TypeScript Notes for Professionals 12


function petIsBird(pet: Pet): pet is Bird {
return pet.species === "bird";
}

function playWithPet(pet: Pet){


if(petIsCat(pet)) {
// pet is now from type Cat (pet: Cat)
pet.eat();
pet.sleep();
} else if(petIsBird(pet)) {
// pet is now from type Bird (pet: Bird)
pet.eat();
pet.sing();
pet.sleep();
}
}

Full example code

let myFavoritePet: "dog";


myFavoritePet = "dog";

// Error: Type '"rock"' is not assignable to type '"dog"'.


// myFavoritePet = "rock";

type Species = "cat" | "dog" | "bird";

interface Pet {
species: Species;
name: string;
eat();
walk();
sleep();
}

interface Cat extends Pet {


species: "cat";
}

interface Dog extends Pet {


species: "dog";
}

interface Bird extends Pet {


species: "bird";
sing();
}

// Error: Interface 'Rock' incorrectly extends interface 'Pet'. Types of property 'species' are
incompatible. Type '"rock"' is not assignable to type '"cat" | "dog" | "bird"'. Type '"rock"' is not
assignable to type '"bird"'.
// interface Rock extends Pet {
// type: "rock";
// }

function buyPet(pet: Species, name: string) : Pet;


function buyPet(pet: "cat", name: string): Cat;
function buyPet(pet: "dog", name: string): Dog;
function buyPet(pet: "bird", name: string): Bird;
function buyPet(pet: Species, name: string) : Pet {
if(pet === "cat") {

TypeScript Notes for Professionals 13


return {
species: "cat",
name: name,
eat: function () {
console.log(`${this.name} eats.`);
}, walk: function () {
console.log(`${this.name} walks.`);
}, sleep: function () {
console.log(`${this.name} sleeps.`);
}
} as Cat;
} else if(pet === "dog") {
return {
species: "dog",
name: name,
eat: function () {
console.log(`${this.name} eats.`);
}, walk: function () {
console.log(`${this.name} walks.`);
}, sleep: function () {
console.log(`${this.name} sleeps.`);
}
} as Dog;
} else if(pet === "bird") {
return {
species: "bird",
name: name,
eat: function () {
console.log(`${this.name} eats.`);
}, walk: function () {
console.log(`${this.name} walks.`);
}, sleep: function () {
console.log(`${this.name} sleeps.`);
}, sing: function () {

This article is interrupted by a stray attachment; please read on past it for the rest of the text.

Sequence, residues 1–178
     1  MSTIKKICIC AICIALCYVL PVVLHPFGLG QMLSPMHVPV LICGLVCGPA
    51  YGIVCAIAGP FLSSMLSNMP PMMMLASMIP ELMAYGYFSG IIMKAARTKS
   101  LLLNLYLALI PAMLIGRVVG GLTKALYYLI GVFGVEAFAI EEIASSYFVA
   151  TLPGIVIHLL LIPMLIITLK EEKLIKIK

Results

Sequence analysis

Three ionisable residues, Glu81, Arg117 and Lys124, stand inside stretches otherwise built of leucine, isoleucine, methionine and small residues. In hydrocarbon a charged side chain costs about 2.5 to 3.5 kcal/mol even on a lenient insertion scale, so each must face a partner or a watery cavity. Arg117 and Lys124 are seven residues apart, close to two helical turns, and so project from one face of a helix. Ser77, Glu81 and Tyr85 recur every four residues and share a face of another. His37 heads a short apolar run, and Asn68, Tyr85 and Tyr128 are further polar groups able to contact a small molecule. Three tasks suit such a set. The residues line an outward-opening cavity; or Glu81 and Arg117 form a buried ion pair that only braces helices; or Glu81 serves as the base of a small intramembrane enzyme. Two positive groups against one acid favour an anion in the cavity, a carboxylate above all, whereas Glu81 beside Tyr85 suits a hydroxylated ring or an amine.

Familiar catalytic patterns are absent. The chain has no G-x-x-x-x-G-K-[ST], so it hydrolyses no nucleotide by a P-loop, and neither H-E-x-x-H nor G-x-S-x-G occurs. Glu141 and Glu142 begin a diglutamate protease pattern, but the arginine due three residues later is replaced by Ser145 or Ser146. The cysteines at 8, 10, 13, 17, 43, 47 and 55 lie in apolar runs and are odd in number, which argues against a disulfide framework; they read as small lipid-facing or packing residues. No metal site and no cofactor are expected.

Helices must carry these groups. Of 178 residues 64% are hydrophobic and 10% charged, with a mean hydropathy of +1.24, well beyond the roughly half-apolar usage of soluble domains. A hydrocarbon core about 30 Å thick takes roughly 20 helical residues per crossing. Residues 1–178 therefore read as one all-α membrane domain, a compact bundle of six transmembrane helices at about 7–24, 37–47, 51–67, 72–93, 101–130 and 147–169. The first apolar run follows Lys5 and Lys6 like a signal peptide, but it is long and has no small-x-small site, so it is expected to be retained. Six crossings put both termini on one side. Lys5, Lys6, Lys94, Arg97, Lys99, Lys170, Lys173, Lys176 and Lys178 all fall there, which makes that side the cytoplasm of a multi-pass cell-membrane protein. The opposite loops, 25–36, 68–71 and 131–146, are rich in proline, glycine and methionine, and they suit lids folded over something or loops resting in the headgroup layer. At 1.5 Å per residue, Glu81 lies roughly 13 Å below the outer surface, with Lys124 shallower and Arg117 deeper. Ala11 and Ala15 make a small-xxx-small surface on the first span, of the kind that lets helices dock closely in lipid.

console.log(`${this.name} sings.`);
}
} as Bird;
} else {
throw `Sorry we do not have a ${pet}. Would you like to buy a dog?`;
}
}

function petIsCat(pet: Pet): pet is Cat {


return pet.species === "cat";
}

function petIsDog(pet: Pet): pet is Dog {


return pet.species === "dog";
}

function petIsBird(pet: Pet): pet is Bird {


return pet.species === "bird";
}

function playWithPet(pet: Pet) {


console.log(`Hey ${pet.name}, let's play.`);

if(petIsCat(pet)) {
// pet is now from type Cat (pet: Cat)

pet.eat();
pet.sleep();

TypeScript Notes for Professionals 14


// Error: Type '"bird"' is not assignable to type '"cat"'.
// pet.type = "bird";

// Error: Property 'sing' does not exist on type 'Cat'.


// pet.sing();

} else if(petIsDog(pet)) {
// pet is now from type Dog (pet: Dog)

pet.eat();
pet.walk();
pet.sleep();

} else if(petIsBird(pet)) {
// pet is now from type Bird (pet: Bird)

pet.eat();
pet.sing();
pet.sleep();
} else {
throw "An unknown pet. Did you buy a rock?";
}
}

let dog = buyPet(myFavoritePet /* "dog" as defined above */, "Rocky");


// dog is from type Dog (dog: Dog)

// Error: Argument of type '"rock"' is not assignable to parameter of type "'cat' | "dog" | "bird".
Type '"rock"' is not assignable to type '"bird"'.
// buyPet("rock", "Rocky");

playWithPet(dog);
// Output: Hey Rocky, let's play.
// Rocky eats.
// Rocky walks.
// Rocky sleeps.

Section 4.2: Tuple


Array type with known and possibly different types:

let day: [number, string];


day = [0, 'Monday']; // valid
day = ['zero', 'Monday']; // invalid: 'zero' is not numeric
console.log(day[0]); // 0
console.log(day[1]); // Monday

day[2] = 'Saturday'; // valid: [0, 'Saturday']


day[3] = false; // invalid: must be union type of 'number | string'

Section 4.3: Boolean


A boolean represents the most basic datatype in TypeScript, with the purpose of assigning true/false values.

// set with initial value (either true or false)


let isTrue: boolean = true;

// defaults to 'undefined', when not explicitely set


let unsetBool: boolean;

TypeScript Notes for Professionals 15


// can also be set to 'null' as well
let nullableBool: boolean = null;

Section 4.4: Intersection Types


A Intersection Type combines the member of two or more types.

interface Knife {
cut();
}

interface BottleOpener{
openBottle();
}

interface Screwdriver{
turnScrew();
}

type SwissArmyKnife = Knife & BottleOpener & Screwdriver;

function use(tool: SwissArmyKnife){


console.log("I can do anything!");

tool.cut();
tool.openBottle();
tool.turnScrew();
}

Section 4.5: Types in function arguments and return value.


Number
When you create a function in TypeScript you can specify the data type of the function's arguments and the data
type for the return value

Example:

function sum(x: number, y: number): number {


return x + y;
}

Here the syntax x: number, y: number means that the function can accept two argumentsx and y and they can
only be numbers and (...): number { means that the return value can only be a number

Usage:

sum(84 + 76) // will be return 160

Note:

You can not do so

function sum(x: string, y: string): number {


return x + y;
}

or

TypeScript Notes for Professionals 16


function sum(x: number, y: number): string {
return x + y;
}

it will receive the following errors:

error TS2322: Type 'string' is not assignable to type 'number' and error TS2322: Type 'number' is
not assignable to type 'string' respectively